Hougham, George Alexander

Male 1873 - 1915  (41 years)

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  • Name Hougham, George Alexander 
    Born 21 Oct 1873  Lambeth Find all individuals with events at this location 
    Gender Male 
    Died 1 Jan 1915 
    • On 1881 census as living with parents

      On 1891 census as painter boarding at Ely Place Lambeth

      On 190 1census as navy man on board HMS Perseus

      In Memory of
      Stoker 1st Class
      H.M.S. "Formidable.", Royal Navy
      who died on
      Friday, 1st January 1915. Age 41.
      Additional Information: Son of Charles Henry and Frances Louisa Hougham, of London.
      Commemorative Information
      Memorial: CHATHAM NAVAL MEMORIAL, Kent, United Kingdom
      Grave Reference/
      Panel Number: 11.

      Location: The Memorial overlooks the town of Chatham and is approached by a steep path from the Town Hall Gardens.

      World War 1 Service: Formidable 5th Battle Squadron Channel Fleet. August 1914 covered the transportation of the BEF. 25 August 1914 took part in transport of Portsmouth Marine battalion to Ostend. 1 January 1915 torpedoed and sunk by German submarine U24 in the Channel.

      HMS FORMIDABLE. Formidable Class battleship Built: 17 November 1898. CO: Capt A.N.Loxley RN, flagship of Vice Admiral Sir Lewis Bayly. Location lost: English Channel, 25 miles off Portland. Cause: Submarine attack. Casualties: 547 Survivors: 233. Notes: HMS Formidable was leading the eight battleships of the 5th Battle Squadron down the English Channel screened by two light cruisers. The destroyers had been sent back to Harwich when the ships passed Folkestone. The squadron had been spotted by U24 (Kapitanleutnant Rudolph Schneider) but he had been unable to manoeuvre into an attacking position and had to watch as the ships sailed by. Shortly after 1900hrs the British ships made a 16-point turn in accordance with orders that course should be altered after dark in areas where submarines were known to be operating. Again at 0200hrs a second 16-point turn was made so that Formidable and her consorts were steaming back along their course and towards U24. This time Schneider was in a perfect position and at 0225hrs fired a torpedo against Formidable, the last ship in the line. It hit her on the starboard side by the fore funnel. Her machinery spaces began to flood and she assumed a list to starboard. At 0315hrs Schneider fired a second torpedo which hit Formidable on the port side. On board Formidable the dynamos failed although the crew maintained perfect discipline in the listing and darkened ship. At 0445hrs she capsized and then sunk. Bayly was ordered to haul down his flag as a result of this loss. His request for a court martial was refused despite prominent and vocal support for him in the House of Lords. In the end Bayly became the highly successful commander of Angle-American forces operating from Queenstown in Southern Ireland.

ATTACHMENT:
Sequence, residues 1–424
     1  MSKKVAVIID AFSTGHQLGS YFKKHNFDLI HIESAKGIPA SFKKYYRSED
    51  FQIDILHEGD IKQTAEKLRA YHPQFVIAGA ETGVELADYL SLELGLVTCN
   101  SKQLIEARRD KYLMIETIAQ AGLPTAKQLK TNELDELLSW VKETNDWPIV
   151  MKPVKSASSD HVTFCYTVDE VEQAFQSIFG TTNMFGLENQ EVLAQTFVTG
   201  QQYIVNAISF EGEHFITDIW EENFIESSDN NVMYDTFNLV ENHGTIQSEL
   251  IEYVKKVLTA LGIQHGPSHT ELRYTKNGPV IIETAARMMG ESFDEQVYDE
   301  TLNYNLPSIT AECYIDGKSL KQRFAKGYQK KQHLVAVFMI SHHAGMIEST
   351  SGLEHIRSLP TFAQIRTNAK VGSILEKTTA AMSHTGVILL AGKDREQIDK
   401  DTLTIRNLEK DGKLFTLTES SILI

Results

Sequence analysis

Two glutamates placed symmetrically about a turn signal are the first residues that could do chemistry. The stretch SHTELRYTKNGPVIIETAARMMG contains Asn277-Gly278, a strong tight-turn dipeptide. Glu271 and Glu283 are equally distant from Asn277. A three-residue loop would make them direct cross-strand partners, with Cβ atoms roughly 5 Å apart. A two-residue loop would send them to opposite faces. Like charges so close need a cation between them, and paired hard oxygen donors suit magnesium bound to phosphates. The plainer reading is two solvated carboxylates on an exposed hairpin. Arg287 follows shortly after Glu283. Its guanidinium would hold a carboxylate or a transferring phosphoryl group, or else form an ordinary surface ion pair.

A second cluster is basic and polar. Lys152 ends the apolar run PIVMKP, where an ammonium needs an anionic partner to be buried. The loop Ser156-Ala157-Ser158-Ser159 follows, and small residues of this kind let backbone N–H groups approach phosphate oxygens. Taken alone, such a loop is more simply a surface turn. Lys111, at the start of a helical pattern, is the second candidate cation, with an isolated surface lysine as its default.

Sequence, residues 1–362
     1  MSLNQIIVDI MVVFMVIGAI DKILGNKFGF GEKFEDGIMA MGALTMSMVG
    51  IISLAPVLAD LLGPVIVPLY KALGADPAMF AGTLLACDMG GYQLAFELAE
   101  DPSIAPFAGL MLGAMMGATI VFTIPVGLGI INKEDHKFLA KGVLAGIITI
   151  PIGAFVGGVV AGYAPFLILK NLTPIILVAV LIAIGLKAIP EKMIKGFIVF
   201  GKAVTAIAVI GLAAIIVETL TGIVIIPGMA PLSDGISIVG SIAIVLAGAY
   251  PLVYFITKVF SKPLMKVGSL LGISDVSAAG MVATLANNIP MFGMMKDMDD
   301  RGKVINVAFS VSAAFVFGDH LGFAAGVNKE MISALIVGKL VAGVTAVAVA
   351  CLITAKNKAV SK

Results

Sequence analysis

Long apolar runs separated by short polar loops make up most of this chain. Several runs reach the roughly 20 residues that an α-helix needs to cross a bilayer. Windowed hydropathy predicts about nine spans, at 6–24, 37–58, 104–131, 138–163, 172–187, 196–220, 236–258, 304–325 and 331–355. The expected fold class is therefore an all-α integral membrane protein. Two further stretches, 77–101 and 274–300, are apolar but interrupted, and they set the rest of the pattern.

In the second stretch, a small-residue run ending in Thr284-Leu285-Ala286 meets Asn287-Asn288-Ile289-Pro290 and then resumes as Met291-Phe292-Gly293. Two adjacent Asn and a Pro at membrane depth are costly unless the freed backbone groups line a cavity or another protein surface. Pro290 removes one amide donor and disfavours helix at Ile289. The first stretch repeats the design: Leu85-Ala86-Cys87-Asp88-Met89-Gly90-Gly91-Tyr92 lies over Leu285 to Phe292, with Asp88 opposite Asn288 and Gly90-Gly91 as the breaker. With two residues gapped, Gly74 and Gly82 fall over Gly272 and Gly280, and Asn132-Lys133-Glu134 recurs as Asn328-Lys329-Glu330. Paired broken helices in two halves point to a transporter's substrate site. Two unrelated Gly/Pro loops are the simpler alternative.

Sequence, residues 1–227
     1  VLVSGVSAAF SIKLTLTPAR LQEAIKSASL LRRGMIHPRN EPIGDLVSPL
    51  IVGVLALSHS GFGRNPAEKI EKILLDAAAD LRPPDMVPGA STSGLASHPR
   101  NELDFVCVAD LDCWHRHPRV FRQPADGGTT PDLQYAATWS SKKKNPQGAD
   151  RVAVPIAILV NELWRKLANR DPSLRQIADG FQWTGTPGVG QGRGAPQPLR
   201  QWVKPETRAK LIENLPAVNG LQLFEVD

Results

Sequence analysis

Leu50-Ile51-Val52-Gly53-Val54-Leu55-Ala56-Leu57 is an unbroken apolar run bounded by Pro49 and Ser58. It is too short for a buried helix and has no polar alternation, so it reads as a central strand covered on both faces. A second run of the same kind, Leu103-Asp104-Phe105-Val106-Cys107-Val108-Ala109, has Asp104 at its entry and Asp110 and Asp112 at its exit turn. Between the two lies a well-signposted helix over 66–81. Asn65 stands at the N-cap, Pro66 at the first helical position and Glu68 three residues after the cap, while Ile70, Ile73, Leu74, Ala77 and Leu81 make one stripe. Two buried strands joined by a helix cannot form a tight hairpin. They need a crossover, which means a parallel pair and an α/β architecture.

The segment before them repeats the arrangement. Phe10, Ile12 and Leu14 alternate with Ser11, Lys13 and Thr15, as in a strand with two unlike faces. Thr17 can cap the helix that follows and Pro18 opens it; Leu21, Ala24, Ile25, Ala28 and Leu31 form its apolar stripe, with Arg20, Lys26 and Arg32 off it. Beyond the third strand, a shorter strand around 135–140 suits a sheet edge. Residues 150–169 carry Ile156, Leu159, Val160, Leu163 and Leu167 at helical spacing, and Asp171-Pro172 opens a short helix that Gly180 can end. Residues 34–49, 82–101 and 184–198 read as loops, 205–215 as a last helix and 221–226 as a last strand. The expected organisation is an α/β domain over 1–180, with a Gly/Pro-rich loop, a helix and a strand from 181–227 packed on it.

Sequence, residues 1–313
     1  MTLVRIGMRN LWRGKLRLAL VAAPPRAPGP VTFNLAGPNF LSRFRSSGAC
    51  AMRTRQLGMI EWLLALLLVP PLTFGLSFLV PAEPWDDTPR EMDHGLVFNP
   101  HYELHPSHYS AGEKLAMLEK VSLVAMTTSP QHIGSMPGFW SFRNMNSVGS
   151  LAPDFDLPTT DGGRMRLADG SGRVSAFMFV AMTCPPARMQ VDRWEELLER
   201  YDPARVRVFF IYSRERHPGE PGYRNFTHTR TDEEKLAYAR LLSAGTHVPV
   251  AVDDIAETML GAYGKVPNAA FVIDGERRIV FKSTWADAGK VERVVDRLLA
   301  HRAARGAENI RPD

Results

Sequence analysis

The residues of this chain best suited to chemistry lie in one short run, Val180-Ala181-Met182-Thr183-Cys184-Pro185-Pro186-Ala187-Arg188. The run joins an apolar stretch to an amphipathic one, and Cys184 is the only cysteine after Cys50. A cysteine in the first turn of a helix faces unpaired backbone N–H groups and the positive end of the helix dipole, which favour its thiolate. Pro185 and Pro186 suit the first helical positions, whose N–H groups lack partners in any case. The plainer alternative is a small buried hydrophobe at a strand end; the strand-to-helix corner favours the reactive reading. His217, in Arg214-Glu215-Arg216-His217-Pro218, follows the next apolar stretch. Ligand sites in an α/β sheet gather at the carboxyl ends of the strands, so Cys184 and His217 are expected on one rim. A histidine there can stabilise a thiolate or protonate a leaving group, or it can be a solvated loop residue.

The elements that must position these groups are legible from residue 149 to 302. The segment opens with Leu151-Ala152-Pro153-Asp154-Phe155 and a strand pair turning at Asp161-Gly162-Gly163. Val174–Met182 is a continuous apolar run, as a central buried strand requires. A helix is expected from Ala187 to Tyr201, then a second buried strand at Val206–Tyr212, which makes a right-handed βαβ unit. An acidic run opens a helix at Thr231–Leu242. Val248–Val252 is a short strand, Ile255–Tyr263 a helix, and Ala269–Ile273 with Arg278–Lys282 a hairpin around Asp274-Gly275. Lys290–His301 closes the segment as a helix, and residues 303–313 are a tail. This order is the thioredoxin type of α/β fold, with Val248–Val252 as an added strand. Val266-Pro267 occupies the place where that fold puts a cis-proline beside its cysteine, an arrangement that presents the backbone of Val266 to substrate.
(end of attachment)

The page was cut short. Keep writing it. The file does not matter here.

HMS Formidable was sunk by two torpedoes from a German submarine 20 miles off Start Point at 2 am, 1st January 1915, in the first year of the First World War. The first torpedo hit the number one boiler port side; a second explosion caused the ship to list heavily to starboard. Huge waves thirty feet high lashed the stricken ship, with strong winds, rain and hail, sinking it in less than two hours.